Colt Brennan, the former Mater Dei (Santa Ana) quarterback who went on to a stellar career at the University of Hawaii, died at the age of 37 early on the morning of Tuesday, May 11. His father, Terry, made the announcement.
Additional media reports indicated that Brennan died at Hoag Hospital in Newport Beach. He was brought there due to a drug overdose. Brennan, who didn’t play in the NFL, also had been in the fifth month of a six-month drug rehab program.
Brennan graduated from Mater Dei High School of Santa Ana in 2002. While with the Monarchs, he patiently waited his turn to run the offense, as the backup to Matt Leinart, until he graduated. In 2001, his senior year, Brennan took over the reins of the program and led the Monarchs to an 8-5 overall record and a spot in the CIF Southern Section playoffs. He finished his prep career with impressive passing statistics — 166-of-253 (65.6%) for 2,079 yards and 13 touchdowns. In all, Brennan earned three letters in football and one in basketball. He helped Mater Dei advance to the league championship in basketball as a senior. He was also selected to play in the Orange County Football All-Star Game.
“Today is a very sad day for myself and for Monarch Nation,” said Mater Dei head coach Bruce Rollinson in message the school posted on Twitter. “The passing of Colt Brennan, one of our greatest quarterbacks and a Heisman Trophy finalist, is devastating and very difficult to process.:
Upon graduating from Mater Dei, Brennan attended Worcester Academy in Massachusetts for a postgraduate year. After a brief stop at Colorado where he redshirted, Brennan then transferred to nearby Saddleback College (Mission Viejo), where he earned one letter in football. While at Saddleback for the 2004 season, he completed 68 percent of his passes for 2,532 yards and 23 touchdowns with only four interceptions. Brennan was named All-Empire Conference First-Team. After his highly successful season, he received an offer from the University of Hawaii and enrolled on the Manoa campus.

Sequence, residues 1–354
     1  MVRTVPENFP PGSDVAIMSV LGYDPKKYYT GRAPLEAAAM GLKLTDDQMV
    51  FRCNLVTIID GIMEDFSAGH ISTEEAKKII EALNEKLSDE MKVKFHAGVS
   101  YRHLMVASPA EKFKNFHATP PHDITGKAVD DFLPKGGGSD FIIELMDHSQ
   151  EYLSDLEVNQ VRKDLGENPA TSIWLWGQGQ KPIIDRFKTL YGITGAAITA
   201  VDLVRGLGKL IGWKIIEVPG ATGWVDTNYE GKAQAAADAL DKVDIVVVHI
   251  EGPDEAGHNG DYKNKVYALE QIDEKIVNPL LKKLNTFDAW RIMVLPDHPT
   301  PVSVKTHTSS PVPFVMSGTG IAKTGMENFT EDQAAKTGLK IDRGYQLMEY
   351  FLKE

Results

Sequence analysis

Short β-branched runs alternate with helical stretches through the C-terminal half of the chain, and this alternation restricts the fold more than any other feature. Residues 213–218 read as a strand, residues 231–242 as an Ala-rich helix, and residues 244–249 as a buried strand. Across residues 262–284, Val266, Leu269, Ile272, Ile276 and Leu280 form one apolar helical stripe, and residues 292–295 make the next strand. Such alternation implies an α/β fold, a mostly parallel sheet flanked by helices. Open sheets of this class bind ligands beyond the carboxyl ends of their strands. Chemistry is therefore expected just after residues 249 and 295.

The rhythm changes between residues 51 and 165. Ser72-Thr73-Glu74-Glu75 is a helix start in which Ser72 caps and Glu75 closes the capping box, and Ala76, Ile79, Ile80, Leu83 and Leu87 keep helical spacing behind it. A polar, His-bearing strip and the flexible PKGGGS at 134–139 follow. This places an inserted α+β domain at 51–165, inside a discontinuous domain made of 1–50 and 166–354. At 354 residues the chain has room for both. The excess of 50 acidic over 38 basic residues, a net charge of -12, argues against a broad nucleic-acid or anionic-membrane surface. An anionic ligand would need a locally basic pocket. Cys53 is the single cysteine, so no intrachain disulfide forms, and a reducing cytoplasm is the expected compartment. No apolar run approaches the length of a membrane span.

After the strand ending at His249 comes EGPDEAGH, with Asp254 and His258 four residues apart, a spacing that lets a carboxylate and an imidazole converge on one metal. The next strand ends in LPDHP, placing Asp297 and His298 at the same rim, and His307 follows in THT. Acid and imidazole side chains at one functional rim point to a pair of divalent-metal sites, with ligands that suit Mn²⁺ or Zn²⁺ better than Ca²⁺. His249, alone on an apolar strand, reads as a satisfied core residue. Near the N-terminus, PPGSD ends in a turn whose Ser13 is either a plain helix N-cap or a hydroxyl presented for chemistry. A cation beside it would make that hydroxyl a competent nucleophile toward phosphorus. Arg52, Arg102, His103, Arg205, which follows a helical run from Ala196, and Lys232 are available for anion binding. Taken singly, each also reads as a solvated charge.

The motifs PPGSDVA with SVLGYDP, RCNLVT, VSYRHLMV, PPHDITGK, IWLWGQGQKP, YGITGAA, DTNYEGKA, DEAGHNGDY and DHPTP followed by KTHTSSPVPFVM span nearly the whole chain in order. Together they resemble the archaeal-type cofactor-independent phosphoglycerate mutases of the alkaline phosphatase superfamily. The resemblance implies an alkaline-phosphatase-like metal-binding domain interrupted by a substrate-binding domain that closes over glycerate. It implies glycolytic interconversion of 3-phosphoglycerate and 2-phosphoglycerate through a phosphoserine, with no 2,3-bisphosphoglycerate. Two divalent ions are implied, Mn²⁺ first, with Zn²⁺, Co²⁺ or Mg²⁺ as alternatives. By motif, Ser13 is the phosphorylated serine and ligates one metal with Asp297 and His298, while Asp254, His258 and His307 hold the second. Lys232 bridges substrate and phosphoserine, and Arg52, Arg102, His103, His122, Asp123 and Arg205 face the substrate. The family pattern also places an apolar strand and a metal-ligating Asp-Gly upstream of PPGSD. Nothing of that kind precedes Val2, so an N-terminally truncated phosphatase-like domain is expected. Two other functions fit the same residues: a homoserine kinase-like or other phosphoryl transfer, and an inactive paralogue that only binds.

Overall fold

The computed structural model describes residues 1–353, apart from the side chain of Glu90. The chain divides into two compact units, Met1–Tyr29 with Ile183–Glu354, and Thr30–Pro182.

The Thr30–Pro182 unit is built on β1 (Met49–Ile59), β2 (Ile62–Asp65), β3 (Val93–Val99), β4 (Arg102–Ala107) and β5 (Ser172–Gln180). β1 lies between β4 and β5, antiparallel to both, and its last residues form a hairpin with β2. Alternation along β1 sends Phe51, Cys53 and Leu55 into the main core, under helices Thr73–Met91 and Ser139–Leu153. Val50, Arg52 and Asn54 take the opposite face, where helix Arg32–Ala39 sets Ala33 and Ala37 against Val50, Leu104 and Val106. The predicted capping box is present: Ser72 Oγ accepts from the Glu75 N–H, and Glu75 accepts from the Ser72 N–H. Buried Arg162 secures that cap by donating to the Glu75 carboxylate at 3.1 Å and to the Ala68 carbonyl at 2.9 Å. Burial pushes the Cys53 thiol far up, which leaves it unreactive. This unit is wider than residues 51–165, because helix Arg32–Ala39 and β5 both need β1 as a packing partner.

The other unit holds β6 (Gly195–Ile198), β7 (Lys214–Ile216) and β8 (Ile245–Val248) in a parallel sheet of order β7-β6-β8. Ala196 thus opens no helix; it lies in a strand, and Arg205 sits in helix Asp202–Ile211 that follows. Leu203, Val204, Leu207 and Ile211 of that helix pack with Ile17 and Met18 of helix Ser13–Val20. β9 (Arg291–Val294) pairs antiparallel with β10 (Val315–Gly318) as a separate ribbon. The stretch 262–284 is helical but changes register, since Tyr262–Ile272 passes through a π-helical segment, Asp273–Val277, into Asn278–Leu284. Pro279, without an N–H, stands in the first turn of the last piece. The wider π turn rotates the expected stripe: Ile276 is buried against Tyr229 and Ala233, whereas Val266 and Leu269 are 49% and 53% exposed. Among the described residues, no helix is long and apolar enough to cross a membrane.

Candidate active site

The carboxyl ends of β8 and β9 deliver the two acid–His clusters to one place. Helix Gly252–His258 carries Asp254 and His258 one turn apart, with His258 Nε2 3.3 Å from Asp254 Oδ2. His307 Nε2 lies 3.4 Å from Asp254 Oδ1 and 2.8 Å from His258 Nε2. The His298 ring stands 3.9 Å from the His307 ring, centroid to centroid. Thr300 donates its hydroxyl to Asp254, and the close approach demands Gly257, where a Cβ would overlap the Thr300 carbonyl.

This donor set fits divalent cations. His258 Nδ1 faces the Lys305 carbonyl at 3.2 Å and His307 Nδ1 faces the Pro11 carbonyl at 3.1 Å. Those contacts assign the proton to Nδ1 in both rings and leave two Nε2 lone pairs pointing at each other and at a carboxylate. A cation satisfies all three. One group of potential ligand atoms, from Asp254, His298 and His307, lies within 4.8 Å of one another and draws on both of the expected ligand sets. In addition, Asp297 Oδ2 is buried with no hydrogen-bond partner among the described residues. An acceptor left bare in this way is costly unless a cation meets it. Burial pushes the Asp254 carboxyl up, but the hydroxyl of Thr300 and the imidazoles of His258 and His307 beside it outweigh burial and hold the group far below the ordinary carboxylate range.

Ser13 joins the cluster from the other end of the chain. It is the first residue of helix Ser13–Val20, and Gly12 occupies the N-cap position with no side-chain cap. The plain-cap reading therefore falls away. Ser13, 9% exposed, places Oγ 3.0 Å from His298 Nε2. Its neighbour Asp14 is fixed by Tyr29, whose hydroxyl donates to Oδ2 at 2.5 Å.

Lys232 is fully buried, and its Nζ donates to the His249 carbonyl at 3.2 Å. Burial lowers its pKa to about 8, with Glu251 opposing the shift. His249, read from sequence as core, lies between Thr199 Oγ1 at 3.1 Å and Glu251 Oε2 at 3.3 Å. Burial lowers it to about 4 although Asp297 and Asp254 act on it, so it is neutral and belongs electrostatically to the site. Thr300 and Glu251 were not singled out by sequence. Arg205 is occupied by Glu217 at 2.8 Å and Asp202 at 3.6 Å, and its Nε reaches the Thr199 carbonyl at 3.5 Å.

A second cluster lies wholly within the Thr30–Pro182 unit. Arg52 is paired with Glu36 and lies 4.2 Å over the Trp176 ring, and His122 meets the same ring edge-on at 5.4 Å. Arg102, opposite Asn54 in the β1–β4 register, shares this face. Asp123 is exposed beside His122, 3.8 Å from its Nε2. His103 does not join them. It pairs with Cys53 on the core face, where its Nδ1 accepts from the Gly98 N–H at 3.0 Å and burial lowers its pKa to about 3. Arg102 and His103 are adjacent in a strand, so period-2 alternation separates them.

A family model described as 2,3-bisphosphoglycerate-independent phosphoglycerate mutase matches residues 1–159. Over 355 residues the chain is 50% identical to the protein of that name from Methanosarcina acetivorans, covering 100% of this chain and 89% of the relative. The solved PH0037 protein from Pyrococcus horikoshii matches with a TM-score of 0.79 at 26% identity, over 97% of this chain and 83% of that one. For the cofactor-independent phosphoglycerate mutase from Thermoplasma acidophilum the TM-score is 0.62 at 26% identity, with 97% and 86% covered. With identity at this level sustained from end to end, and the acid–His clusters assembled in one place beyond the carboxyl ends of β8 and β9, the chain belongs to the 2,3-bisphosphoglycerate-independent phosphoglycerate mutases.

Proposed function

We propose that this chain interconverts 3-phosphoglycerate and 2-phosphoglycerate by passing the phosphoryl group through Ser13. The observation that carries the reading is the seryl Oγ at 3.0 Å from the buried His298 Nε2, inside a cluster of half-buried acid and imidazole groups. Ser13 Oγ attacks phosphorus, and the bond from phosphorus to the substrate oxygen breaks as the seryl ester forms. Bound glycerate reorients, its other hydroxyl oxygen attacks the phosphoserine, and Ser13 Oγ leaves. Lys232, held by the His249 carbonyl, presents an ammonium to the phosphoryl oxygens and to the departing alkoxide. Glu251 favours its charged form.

After arriving at Hawaii, Brennan quickly flourished in head coach June Jones’ air-raid passing offense. Together, the two would lead the Warriors to a level of success that the program hadn’t enjoyed before, nor since. Brennan threw for 131 touchdowns over three seasons as a starter. His 2006 season stands as the benchmark for the high-octane style system. That season, he threw for 58 touchdowns (the second-most in NCAA single-season history) with a 72.6 completion percentage. That equated to an astounding 5,549 passing yards. He finished sixth in the Heisman Trophy voting that year and then in 2007 he was third behind Tim Tebow and Darren McFadden. In a game against Boise State that season, Brennan became the NCAA’s all-time leader in touchdown passes — one of many records he held at the end of his storied career. That mark wasn’t broken until the 2019 season when LSU’s Joe Burrow bested Brennan by two TD passes. Brennan also was a two-time Western Athletic Conference (WAC) Offensive Player of the Year winner (2006 & 2007).
The Warriors’ finest season ever was in 2007 as they were a perfect 12-0 in the regular season. That earned them a berth in the prestigious Sugar Bowl, part of the New Year’s Day BCS rotation. Georgia ended Hawaii’s hopes for an unblemished record, though, defeating the Warriors 41-10.
Brennan’s 70.4 percent career completion percentage is best all-time in NCAA Division I FBS history. In addition, his three seasons with more than 4,000 yards passing and number of games with 400-yards-or-more passing yards (20) are tied for most all time.
Brennan is survived by his parents, Terry and Betsy and sisters Carrera and Chanel.
Cal-Hi Sports sends its condolences to the Mater Dei football community.